Date of Award


Degree Name

Doctor of Philosophy



First Advisor

Dr. Stephanie Peterson

Second Advisor

Dr. Richard Malott

Third Advisor

Dr. Jessica Frieder

Fourth Advisor

Dr. Lloyd Peterson


Despite the common use of feedback in most training settings, it is not yet clear what behavioral function feedback serves. Most researchers consider feedback to function as a consequence and advocate for its immediate delivery in the form of “on the spot” supervision or after-session conferencing. The literature suggests that when compared, “on the spot” supervision is found more effective than after session conferencing. In spite these findings, most supervisors are still implementing after-session conferencing. This is probably due to the limited feasibility of performing “on the spot” supervision when supervising teachers implementing whole class or small group instruction. One way to overcome the feasibility issue of “on the spot” supervision and still providing feedback effectively to supervisees, is by providing feedback before their next opportunity to perform. The purpose of this study is to evaluate the effectiveness of feedback provided (a) after the teaching session versus (b) before the following teaching session on (1) the accuracy of the error correction procedure and (2) the rate of specific praise of undergraduate psychology students (i.e., the teachers) implementing Direct Instruction (DI) to a small group of children. An adapted alternating design is utilized to evaluate the effects of feedback in its two temporal locations, on each teacher’s performance. Results of the study suggest that feedback provided before the teaching session is more effective in improving teaching skills than feedback that is provided after the session. These findings propose that feedback may function primarily as an antecedent to good performance, and not necessarily as a consequence. However, the mechanism that explains these results is not yet clear. Future studies should investigate whether feedback serves as an antecedent a) discriminative stimulus, b) motivational operation, or c) rule.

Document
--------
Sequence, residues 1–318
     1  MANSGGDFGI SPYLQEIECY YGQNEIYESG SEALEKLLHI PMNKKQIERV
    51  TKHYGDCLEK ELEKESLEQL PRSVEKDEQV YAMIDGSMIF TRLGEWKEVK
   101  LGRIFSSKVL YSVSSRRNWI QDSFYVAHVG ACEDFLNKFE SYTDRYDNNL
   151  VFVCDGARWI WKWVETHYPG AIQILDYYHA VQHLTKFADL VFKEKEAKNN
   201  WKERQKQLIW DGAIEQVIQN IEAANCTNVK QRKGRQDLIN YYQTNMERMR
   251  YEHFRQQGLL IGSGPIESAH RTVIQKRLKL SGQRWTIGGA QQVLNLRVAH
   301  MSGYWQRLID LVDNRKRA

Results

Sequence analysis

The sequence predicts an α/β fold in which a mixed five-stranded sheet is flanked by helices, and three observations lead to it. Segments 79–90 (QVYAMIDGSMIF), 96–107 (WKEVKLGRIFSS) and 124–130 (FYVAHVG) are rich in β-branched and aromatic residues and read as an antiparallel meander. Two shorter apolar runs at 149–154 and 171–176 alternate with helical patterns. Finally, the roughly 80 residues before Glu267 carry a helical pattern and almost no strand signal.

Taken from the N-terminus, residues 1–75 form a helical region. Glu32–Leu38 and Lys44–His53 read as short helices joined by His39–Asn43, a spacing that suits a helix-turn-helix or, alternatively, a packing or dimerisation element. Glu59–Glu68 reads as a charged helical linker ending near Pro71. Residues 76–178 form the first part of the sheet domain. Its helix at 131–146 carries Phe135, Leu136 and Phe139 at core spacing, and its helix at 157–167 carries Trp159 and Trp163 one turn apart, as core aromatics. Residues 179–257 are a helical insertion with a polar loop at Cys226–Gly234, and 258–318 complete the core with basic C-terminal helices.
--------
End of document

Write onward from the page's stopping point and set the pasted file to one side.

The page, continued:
Access Setting

Dissertation-Campus Only

Restricted to Campus until